General application considerations
These are the common considerations that reviewers take into account when reviewing Open Call applications.
When reviewing applications, the following general considerations apply. By keeping these in mind for each application, reviewers help to ensure the Open Call process is consistent, fair, and thorough for all applicants. And, by asking the same questions of each application, Reset is able to best maximize the efficiency and effectiveness of each ultimate award investment.
The following types of considerations (based on areas where we have seen previous projects struggle after they are already underway) are addressed below:
Note: The review considerations provided on this page are the same ones used by the Reset team. As a result, some of these questions/considerations may be less applicable for NIC members. Nonetheless, when evaluating an application reviewers should always include any information they think is relevant regardless of whether it aligns with a specific question/consideration.
These considerations speak to the proposed project's ability to contribute to Reset's Goals and Principles in a relevant manner in one of Reset's core Areas of work.
- Where is the organisation physically and legally based?
- If the organisation is distributed, where is the main point of contact?
- Does the organisation have any conflicts of interest with Reset, the Advisory Council, the Network Investment Council, or other supported projects?
- Is the project team an organisation, community, or an individual?
- Is the organisation or its members already known to our network or within any relevant communities? If yes, what is their reputation and why?
- What are the applicant and/or organisation’s motivations?
- What are the applicant and/or organisation’s principles?
- What are the goals and objectives of the project?
- Is it a technology research, development, or deployment project?
- Can the project’s effort be explained to external audiences and non-technical people?
- What tools, if any, currently exist to solve this problem? How is this project different?
- What problem is the project trying to solve, and is the solution strategical or tactical?
- Is the project strategically or tactically important to our goals, principles, and rationale? To other supported efforts? How?
- Does the effort have any overlap with existing Reset, Luminate, or larger Omidyar Group supported projects?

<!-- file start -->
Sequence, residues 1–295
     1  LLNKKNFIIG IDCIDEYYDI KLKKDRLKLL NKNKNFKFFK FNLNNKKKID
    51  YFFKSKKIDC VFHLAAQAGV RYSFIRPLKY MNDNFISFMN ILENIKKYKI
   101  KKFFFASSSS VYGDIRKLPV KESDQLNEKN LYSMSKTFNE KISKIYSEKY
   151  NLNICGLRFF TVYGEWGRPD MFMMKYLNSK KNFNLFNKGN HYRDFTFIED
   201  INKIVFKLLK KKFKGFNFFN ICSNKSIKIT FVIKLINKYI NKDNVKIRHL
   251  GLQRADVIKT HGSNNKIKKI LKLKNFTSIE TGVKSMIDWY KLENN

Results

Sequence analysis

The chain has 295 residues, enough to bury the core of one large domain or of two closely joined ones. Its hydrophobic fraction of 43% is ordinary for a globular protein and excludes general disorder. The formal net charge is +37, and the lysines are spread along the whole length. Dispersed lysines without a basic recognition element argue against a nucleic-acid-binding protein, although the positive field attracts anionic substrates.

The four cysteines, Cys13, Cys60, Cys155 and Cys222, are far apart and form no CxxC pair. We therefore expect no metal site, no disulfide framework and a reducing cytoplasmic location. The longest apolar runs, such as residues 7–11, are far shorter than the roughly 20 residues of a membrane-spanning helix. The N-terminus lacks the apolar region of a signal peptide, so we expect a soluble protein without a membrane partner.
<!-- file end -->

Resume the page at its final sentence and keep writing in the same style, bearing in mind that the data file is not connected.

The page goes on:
- Is the overlap complementary or duplicative?
- What is complementary and can it be explained clearly (i.e., geographic focus, technology, organisation profile, etc.)?
- What are the liabilities and risks of taking on this project (i.e., political personalities, financial concerns, technical controversial, etc.)?
- How does the project define its “users”?
- Is the project’s effort actually relevant to its defined users?
- Does the project’s defined user base align with the priorities of Reset?
- Could other priority user groups benefit from this project?
- Are there any existing users? If not, why?
- How do existing users find the user experience? Is it versatile and usable, or useful but unusable?
- What steps has the project taken to appeal to its defined users?
- Does the project have a plan to attract more users and make the project accessible (e.g., conduct usability testing or hold training sessions)?
- What is the user threat model? Who are they being protected from and what are the consequences of failure?
- How is the project localised?
- How is the project representative of those it intends to help? Is it appropriate? What experience does the project have with those it intends to help?
- Does the project measure success quantitatively or qualitatively?
- If neither, how would the project demonstrate success (i.e., does the project have potential quantitative or qualitative metrics)?
- Is there a roadmap for the project? Is it public/open? If not, why?
- Does Reset have the capacity to comprehend and manage the project?
These considerations speak to the proposed project's technical feasibility, capacity, and assets.
- Does the project clearly articulate the technical problem, solution, and approach?
- How is the problem clearly justifiable?
- Does the project clearly articulate its technological objectives?
- Is it an open or closed development project (i.e., open source like Android or Firefox OS, or closed like iOS)?
- Does a similar technical solution already exist? If so, what are the differentiating factors?
- Does the effort propose to sustain an existing technical approach? If so, is the relevant existing approach considered successful?
- Is the effort a new technical approach or improvement to an existing solution? If so, how?
- Is the effort a completely new technical approach fostering new solutions in the field?
- Does the project’s technical approach solve the problem?